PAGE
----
One Hundred Eggs a Minute

23 mins  16mm  b&w  1996

Digital restoration courtesy of the Prelinger Archives, 2019

CO-PRODUCER  Jeff Adachi, AAMM Productions
CAMERA ASSISTANTS  Christa Collins, Susan Brunig
SOUND  Monica Nolan, Christopher Scheer
PRODUCTION ASSISTANTS  Kevin Chan, Lori Pino, Voltar Mara-Drita

One Hundred Eggs a Minute is an experimental documentary film about the reflections of a second-generation Chinese-American woman who grew up working in her family’s fortune cookie factory in San Francisco from ages 5 to 23. This is a film about one immigrant family’s means of survival, as much as it is a story about work, filial piety, sacrifice and the meaning of choice.


This film will stimulate discussion and provoke a critical re-examination of both the partial truths and distortions in stereotypes of Asian American women and families. -Sylvia Yanagisako, Professor of Anthropology, Stanford University

Student discussions will be stimulated by Maythane Woo’s contradictory impulses. She is a devoted daughter who sacrificed her youth and her chances to attend college to work in the family fortune cookie factory. Now in her late thirties and still single, she lives with her aging parents so that she can take care of them. At the same time, she longs to express herself – in art, in dancing, in telling viewers the story of her life. This provocative film is appropriate for history, anthropology, sociology, psychology, women’s studies, and ethnic studies classes. -Elaine H. Kim, Professor of Asian American Studies, University of California at Berkeley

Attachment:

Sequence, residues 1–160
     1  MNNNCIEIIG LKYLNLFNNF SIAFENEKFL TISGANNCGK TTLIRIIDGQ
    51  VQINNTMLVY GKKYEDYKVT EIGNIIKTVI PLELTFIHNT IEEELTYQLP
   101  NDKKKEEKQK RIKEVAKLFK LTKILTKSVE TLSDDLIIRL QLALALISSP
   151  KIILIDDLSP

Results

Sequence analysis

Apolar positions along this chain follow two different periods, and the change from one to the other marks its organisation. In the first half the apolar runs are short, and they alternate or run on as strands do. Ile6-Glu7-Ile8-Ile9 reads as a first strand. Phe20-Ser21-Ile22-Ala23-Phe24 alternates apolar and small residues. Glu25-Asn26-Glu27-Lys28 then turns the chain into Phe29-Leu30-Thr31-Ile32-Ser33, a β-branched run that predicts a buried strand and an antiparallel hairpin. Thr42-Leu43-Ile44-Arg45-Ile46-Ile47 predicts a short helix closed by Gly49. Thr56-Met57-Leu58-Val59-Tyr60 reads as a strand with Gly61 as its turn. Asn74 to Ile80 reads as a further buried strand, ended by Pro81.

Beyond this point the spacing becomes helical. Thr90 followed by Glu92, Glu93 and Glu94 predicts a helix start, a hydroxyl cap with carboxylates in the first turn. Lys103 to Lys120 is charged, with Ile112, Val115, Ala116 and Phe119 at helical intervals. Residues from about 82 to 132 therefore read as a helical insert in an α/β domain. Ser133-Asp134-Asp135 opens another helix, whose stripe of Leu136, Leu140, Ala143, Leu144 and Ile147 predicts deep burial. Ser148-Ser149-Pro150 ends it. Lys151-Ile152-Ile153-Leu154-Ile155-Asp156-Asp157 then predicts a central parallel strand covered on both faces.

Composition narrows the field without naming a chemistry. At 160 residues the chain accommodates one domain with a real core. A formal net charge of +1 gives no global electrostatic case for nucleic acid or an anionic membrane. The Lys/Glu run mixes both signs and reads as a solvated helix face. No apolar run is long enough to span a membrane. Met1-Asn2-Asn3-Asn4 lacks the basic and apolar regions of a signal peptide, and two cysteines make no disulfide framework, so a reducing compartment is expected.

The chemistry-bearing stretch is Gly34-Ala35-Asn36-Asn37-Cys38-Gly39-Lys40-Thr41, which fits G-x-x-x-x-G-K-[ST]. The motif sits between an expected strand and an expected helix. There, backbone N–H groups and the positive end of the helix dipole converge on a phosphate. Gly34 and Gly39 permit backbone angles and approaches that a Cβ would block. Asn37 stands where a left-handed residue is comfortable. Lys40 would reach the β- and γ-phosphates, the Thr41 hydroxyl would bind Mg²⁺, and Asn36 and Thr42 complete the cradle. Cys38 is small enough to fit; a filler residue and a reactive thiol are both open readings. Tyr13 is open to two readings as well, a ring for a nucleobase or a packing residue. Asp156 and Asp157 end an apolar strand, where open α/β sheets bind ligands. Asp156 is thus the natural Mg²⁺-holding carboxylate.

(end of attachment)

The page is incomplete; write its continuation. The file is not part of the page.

Through May’s own wit, humor and creative genius, she transformed her family’s fortune cookie-making – at least in memory – into folk art. The deep message lies in the film’s portrayal of how she grapples with the conflicting challenges of a “we” communal culture and those of a highly individuated culture of “I’s.” -Pacific News Service

This film is unique in that it addresses the experiences of women of color as affected by the constraints of societal and economic discrimination, and intrafamily role expectations in an extremely thoughtful, nuanced and aesthetic framework. -Margaret M. Russell, Professor or Law, Santa Clara University

Happy Family Night Market at UnionDocs Brooklyn, NY 2022 / Curated Programs From The SF State Student Film Archives 2021 / Happy Family Night Market, Abrons Arts Center NYC 2019 / National Endowment for the Humanities Summer Seminar for School Teachers 2015 / Present Tense Biennial: Chinese Character, San Francisco Chinese Cultural Center 2009 / Echo Park Outdoor Film Festival, Los Angeles 2005 / Locus Arts, San Francisco 2003 / Migration, Borders & Transnationalism Conference, California State U. Northridge 2002 / Featured Artist, Kearny Street Workshop, San Francisco 2002 / KRON/Bay TV 2000 / Boston Tour (MIT, Emerson, Museum School of Fine Arts, Tufts U., U. of Massachusetts in Amherst) 2000 / San Francisco Bay Guardian Sunshine Initiative 1998 / Artists’ Television Access, San Francisco 1999 / California State University Media Arts Festival (Honorable Mention) 1998 / Santa Clara U. 1998 / Bridgewater State College, MA 1998 / Boston Asian American Film Festival 1998 / Independents in Flight, Northwest Airlines 1998 / Toronto Reel Asian Film Festival 1997 / Women in the Director’s Chair Film Festival 1997 / Seattle Asian American Film Festival 1997 / San Francisco Int’l Asian Film Festival 1997 / Chicago Asian American Film Festival 1997 / Los Angeles Asian Pacific Film Festival 1997 / San Francisco City College Film Festival 1997 / Windy City Int’l Documentary (Student Best of Festival) 1997 / Women of Vision KCSM-TV / Free Speech TV, Boulder, CO 1997 / Portugal Figueira da Foz 1996 / Chicago Int’l (Silver Plaque) 1996 / Columbus Int’l (Honorable Mention) 1996

Featured in “American Documentaries: One Hundred Eggs a Minute,” History in Image, by Ren Yuan, Beijing: China International Radio Press, 2004


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